Assessment can be many things, but what I want to get at, is the true nature of assessment.
If we just break it down and ask ourselves what assessment really is and why do we do it, it comes down to this - we assess to discover if a student has acquired the understanding of the concepts and information we have taught. Did they reach the learning goal? What do they understand and what do they misunderstand?
Throughout many years of teaching and parenting, I have come across so many teachers who seem to have lost sight of the true nature of assessment. I have seen teachers do some awful things to kids in the name of "assessment". So, I have come up with a list of assessment dos and don'ts to get us thinking about how and why we assess kids.
DO use the assessment to plan instruction.
I've been in planning meetings where someone says. "I'm assessing tomorrow, but I haven't seen the test yet, does anybody have a copy?" *cringe* How in the world did you teach this whole week if you didn't even know what the assessment looked like? I know we use standards to plan instruction, but if you haven't either created your assessment, or at least looked at the required assessment before you teach, then you may not have taught what you are assessing.
DO NOT use the assessment to trick students.
Sadly, I have seen teachers try to trick students on the test in the name of 'paying attention' or 'problem solving.' I remind myself that I want to know what they understand and what they misunderstand, not fool them into getting a wrong answer. Yes, I want them to pay attention and discern relevant information, but let's just be fair about it.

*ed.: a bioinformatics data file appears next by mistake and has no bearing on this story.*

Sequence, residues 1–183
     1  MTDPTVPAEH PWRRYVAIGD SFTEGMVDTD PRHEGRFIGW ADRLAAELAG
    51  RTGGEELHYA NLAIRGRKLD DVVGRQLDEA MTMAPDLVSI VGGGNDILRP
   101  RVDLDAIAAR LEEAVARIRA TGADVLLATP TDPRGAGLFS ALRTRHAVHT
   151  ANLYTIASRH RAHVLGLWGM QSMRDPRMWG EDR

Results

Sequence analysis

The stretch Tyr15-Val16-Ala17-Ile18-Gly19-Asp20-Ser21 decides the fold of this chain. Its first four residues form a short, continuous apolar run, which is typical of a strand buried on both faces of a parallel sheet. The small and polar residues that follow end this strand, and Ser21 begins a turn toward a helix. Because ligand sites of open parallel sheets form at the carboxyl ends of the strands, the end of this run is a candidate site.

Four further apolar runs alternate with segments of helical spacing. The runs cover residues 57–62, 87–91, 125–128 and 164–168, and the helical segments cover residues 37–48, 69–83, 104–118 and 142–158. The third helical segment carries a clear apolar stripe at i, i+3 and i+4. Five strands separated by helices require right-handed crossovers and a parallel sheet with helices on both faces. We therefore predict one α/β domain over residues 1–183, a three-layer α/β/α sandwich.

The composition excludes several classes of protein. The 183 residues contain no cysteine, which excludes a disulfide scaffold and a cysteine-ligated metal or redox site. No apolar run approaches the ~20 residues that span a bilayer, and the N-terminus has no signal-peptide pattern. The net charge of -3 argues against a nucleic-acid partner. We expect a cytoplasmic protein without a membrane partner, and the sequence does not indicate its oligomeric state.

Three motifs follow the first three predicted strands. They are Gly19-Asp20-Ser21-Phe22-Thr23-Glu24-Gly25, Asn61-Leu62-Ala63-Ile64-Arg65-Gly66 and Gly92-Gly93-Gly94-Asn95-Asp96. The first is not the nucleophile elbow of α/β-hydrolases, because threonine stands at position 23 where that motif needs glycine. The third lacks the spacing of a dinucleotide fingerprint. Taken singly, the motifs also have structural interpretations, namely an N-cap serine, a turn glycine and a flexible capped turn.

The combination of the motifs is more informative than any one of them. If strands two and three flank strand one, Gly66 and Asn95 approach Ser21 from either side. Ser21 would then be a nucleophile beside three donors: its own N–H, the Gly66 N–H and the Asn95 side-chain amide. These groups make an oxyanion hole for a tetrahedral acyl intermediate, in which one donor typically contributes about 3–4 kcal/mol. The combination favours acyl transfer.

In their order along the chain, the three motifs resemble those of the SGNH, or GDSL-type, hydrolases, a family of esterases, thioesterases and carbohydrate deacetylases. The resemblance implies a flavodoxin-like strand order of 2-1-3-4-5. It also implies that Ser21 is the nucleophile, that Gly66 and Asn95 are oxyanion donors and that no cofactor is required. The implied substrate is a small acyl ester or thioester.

DO make sure your assessments are neat, clear, and correct.
I have seen a few assessments come home with my own boys that are an embarrassment to the profession. My son's class would be instructed to make changes all through the test (change the 7 to a 9 on question 14, on question 6 that should read mode, not median, etc.) before they could even take the test! That is just a sign of a disorganized and unprofessional teacher.
Now, I know (I hope) that is an extreme example, but we should strive to provide clear and accurate assessments so kids can concentrate on the task and not be confused by the corrections.
DO NOT take off points for things you are not assessing.
If I am assessing how well a student solves word problems, I will not take off points if he spelled a word wrong in the answer/explanation. I am not assessing spelling. I am assessing math.
"But how will Billy learn to remember to put his name on his paper if I don't take off points when he forgets?" Well, I guess we have to think of something else, because remembering to put your name on your paper is not math. Maybe that brings down the work study grade, but not the math grade.
If a student's grade becomes a B instead of an A because of organizational things like forgetting a name or date, or making a grammar mistake on a math test, then we have done a disservice to the anyone who views that grade as a marker of the student's knowledge base.
DO use assessment to reflect on teaching.
If 75% of my students bombed the assessment, then the kids didn't fail - I did. Time to rethink and reteach.
Do reassess if you can.
Remember, the whole reason for assessing is to ensure that our students understand what we're teaching. If we reteach, we should reassess. My goal is to get those kids learning, not to teach, assess, and move on.
That being said, the recent trend in high stakes testing has led to teachers being forced to push through a ridiculous amount of material in very short periods of time, making it nearly impossible to find time to reteach:(
If you have more ideas and suggestions for fair and effective assessment, please leave a comment!